Further, thanks to the increased popularity of almonds and almond based products, 23,000 acres of California’s natural land have been converted into almond farms in order to deal with the increased demand of the popular food commodity. Of those 23,000 acres, 16,000 acres were previously declared as wetlands. This land transformation all occurred in the midst of the drought. According to Forbes, between the years of 2007-2014, almond acreage increase in California by approx. 14%. Based on that number, they were expecting another 14% increase in the need for irrigation. However, because so much of the land was converted to almond farms, the numbers actually doubled (Pickett, 2016).

Similarly, in 2014 wild salmon were fighting for water in the Klamath river of Northern California as the water levels dropped so low. This is because the water from the river was being diverted to almond farms during the drought. While the wild salmon of California were fighting to stay alive, farmers harvested their largest crops that year (Hamblin, 2014). The prioritisation of water to almonds over living animals is the exact matter vegans protest about. However, many of these people do not realise that they are indirectly influencing endangering species by purchasing almond milk from California.

From these example, we can see the damage almond farming has inflicted on the Californian region and the detrimental effects it has to the regions water supply and local wild animals.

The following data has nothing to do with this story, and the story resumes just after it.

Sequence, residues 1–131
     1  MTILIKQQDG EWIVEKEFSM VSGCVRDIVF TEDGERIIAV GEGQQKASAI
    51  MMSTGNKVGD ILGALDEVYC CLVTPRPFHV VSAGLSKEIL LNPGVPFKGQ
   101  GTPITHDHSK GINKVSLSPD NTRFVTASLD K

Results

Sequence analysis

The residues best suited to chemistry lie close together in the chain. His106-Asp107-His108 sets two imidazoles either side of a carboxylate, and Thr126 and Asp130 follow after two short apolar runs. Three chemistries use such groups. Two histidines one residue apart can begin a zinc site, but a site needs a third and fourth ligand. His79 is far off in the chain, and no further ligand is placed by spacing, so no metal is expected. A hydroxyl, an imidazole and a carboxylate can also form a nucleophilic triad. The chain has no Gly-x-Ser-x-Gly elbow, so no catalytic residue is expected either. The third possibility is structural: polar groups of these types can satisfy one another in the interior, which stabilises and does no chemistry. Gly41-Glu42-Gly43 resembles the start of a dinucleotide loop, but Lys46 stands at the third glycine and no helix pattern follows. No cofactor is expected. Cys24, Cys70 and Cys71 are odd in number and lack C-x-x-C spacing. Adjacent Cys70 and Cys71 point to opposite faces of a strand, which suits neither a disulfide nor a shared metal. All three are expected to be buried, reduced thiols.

On the other hand, while almond use and consume vast amounts of water, it is still significantly less than the amount of water needed to produce livestock and subsequently cow’s milk. It has been established that almond production uses a large amount of water. However, it’s also worth noting that in 1 litre of commercial almond milk, there is approximately 2% of almonds. The other portion of the litre is made up of carrageenan, xanthan, lecithin etc which are all known binders as well as water. These ingredients are added in order to bulk up the weight of the milk. Therefore, while almonds use a larger amount of resources, they also provide a larger amount of units of the product in comparison to cow’s milk (Emoryhumanhealth.org, 2019). According to BBC, in order to produce one glass of almond milk (200mls) it requires 74 litres of water. In contrast, one glass of cow’s milk requires approx. 125 litres (Guibourg and Briggs, 2019).

Cow’s milk is the clear offender when it comes to water use, closely followed by almond milk. While cow’s milk is more water intensive in terms of feeding cow’s and also growing their feed, the problem doesn’t lie with how much water almonds need, its where they’re sourcing their water from. However, drought aside, it does take less water to produce almond milk, than the amount of water needed to produce cow’s milk. While California are the largest producers of almonds worldwide, dairy is the largest produced commodity in the Californian state, therefore making dairy products more of a water risk than almonds. (CDFA, 2018)